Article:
Russia court orders release of opposition activist
Russia's Supreme Court on Wednesday ordered the release of an opposition activist who was the only person in the country jailed under a tough law against public protests.
Ildar Dadin, 34, was sent to prison in 2015 for repeated unsanctioned protests against President Vladimir Putin’s rule after the introduction of controversial legislation critics say was aimed at stamping out demonstrations.
The Supreme Court responded to a request by prosecutors to free Dadin and ruled that his sentence should be quashed and his case closed.
The court ruled that he has the right to “rehabilitation,” meaning compensation from the state.
Dadin — who was declared a prisoner of conscience by Amnesty International — has complained of torture and abuse behind bars, and his case became a cause celebre for those opposed to Putin.
He was originally sentenced to three years in jail, but that sentence was reduced and had some six months left to run, meaning Wednesday’s ruling is largely symbolic.
During his time behind bars Dadin accused guards of beating and abusing him and he was repeatedly shifted between far-flung facilities.
Dadin’s lawyer Ksenia Kostromina said she hoped he would be officially released from the penal colony in Siberia where he is being held “very soon”.
“Now I can go to (the Siberian city of) Barnaul to meet him,” Dadin’s wife Anastasia Zotova told the Dozhd independent channel.
She said she hoped to move abroad with Dadin, adding: “I’m very afraid they will release him now and the next day they will arrest him again.”
– ‘Repressive law’ –
Dadin’s case was controversial as it was the first time a protester was prosecuted under 2014 legislation that ratcheted up punishment to a maximum of five years in jail for anyone caught holding unsanctioned rallies more than twice in a 180-day period.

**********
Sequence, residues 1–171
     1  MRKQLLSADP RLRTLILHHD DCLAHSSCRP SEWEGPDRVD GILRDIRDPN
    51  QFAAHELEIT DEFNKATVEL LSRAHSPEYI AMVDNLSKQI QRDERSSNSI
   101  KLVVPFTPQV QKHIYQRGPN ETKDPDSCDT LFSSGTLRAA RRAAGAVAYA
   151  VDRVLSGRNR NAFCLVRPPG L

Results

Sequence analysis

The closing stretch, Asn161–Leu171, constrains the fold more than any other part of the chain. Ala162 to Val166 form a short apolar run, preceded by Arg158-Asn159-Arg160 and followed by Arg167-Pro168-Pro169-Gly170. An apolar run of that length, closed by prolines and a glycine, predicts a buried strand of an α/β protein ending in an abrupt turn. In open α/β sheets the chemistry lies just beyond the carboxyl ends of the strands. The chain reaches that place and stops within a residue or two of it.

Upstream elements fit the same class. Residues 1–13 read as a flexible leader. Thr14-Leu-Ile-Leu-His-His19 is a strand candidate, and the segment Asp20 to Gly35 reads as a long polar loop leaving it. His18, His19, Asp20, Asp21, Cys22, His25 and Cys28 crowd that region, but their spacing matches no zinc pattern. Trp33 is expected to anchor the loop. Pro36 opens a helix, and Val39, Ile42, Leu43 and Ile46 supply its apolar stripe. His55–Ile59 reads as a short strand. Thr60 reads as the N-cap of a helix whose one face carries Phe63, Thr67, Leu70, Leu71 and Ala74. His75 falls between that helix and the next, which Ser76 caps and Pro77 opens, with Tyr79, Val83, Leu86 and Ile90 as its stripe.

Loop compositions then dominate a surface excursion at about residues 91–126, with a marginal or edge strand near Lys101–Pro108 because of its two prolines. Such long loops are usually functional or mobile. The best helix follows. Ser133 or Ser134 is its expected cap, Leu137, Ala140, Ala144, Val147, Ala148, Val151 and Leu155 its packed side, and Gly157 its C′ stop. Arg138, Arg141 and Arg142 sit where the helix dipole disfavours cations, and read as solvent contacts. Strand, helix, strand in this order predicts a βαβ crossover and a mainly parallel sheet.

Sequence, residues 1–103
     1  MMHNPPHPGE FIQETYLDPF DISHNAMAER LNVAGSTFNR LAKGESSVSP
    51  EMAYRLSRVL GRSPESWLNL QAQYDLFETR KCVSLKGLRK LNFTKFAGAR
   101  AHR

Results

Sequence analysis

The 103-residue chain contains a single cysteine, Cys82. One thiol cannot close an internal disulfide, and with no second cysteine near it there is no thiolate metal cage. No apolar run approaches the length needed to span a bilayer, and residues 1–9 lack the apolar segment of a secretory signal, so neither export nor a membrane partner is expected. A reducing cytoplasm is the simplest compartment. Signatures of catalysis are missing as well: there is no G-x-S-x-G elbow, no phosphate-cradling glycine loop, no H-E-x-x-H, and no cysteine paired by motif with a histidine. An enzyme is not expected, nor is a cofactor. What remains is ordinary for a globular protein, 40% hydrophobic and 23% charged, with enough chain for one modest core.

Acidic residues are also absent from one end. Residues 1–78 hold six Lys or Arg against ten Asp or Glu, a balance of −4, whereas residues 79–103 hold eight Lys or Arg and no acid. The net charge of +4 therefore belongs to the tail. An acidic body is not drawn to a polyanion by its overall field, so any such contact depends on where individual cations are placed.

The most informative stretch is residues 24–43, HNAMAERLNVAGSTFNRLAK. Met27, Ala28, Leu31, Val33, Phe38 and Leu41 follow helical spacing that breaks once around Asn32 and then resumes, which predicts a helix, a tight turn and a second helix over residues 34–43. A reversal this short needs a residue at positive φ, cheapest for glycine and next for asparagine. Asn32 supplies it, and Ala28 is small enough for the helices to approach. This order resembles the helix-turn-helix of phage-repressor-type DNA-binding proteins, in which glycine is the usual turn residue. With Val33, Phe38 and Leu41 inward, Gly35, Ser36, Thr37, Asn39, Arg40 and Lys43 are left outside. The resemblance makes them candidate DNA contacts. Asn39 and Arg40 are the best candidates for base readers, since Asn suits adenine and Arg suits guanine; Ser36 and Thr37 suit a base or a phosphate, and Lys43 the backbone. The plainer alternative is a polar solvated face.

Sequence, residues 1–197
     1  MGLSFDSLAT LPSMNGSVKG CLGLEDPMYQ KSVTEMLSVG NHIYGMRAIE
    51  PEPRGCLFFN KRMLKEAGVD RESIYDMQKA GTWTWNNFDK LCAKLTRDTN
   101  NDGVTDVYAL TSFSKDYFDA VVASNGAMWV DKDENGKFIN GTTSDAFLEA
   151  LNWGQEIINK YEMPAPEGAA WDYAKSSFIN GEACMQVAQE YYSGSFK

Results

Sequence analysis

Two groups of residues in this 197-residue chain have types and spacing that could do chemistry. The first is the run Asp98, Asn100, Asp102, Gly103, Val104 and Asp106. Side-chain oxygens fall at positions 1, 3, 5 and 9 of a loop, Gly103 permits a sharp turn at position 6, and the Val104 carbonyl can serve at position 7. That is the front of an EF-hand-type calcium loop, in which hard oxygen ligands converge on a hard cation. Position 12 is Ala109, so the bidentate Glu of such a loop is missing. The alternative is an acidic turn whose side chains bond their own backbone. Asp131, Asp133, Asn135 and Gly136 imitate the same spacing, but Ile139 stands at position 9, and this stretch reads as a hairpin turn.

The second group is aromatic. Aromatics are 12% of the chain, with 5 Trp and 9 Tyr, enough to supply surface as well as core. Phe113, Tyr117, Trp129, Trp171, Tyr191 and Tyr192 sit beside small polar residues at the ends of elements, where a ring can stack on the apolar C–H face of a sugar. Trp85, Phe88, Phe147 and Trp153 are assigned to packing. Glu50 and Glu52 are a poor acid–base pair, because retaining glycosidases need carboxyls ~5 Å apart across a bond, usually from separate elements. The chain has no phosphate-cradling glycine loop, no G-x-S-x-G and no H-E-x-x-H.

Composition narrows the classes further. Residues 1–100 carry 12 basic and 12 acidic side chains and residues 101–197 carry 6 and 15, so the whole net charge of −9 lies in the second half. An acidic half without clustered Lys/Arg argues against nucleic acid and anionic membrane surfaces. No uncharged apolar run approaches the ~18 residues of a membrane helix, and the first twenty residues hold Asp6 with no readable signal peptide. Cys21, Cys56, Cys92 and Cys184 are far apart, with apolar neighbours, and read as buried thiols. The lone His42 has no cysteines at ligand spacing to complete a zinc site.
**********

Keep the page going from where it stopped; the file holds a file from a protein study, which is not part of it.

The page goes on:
The statute — known as Article 212.1 — was seen as part of the Kremlin’s attempt to curb dissent in response to mass protests against Putin in 2011-2012 and demonstrations in Kiev that ousted Ukraine’s Russian-backed leader in 2014.
Wednesday’s decision came after Russia’s Constitutional Court this month ordered a review of Dadin’s case, saying that punishment should be proportional to the danger to the public and that protesters should only be jailed after rallies that were not peaceful.
The Constitutional Court did not go so far as to say the law was unconstitutional, noting that Dadin had faced criminal charges before rulings on his protests had entered force.
Rights groups hailed Dadin’s release and said they hoped the authorities would now stop applying the controversial legislation to peaceful demonstrations.
“We can only welcome the ruling,” Alexander Artemyev, Amnesty’s spokesman in Moscow, told AFP.
“Now we hope this repressive law… will no longer be used against people staging peaceful protests.”
– ‘Tremendous victory’ –
Human Rights Watch’s Russia director Tanya Lokshina called the move “a tremendous victory for Russian civic society” and said she hoped officials “will be apprehensive” about applying the law in future.
Kremlin spokesman Dmitry Peskov said “any court decision should be respected, all the more so one by the Supreme Court”, but gave no more details.
Senator Andrei Klishas, the head of the rubber-stamp upper house’s legal committee, told state-run RIA Novosti that Dadin’s release did not mean the tough statute on protests would be changed.
Leading Russian opposition politician Alexei Navalny — who spearheaded the mass protests in 2011-2012 — called Dadin’s release “excellent news” but said that the harsh sentence had already taken its toll.
“It is important to remember that they held an innocent man for one and a half years in prison and tortured him,” Navalny wrote on Twitter.
Since the introduction of the law any major protests against Putin have become almost impossible in Russia.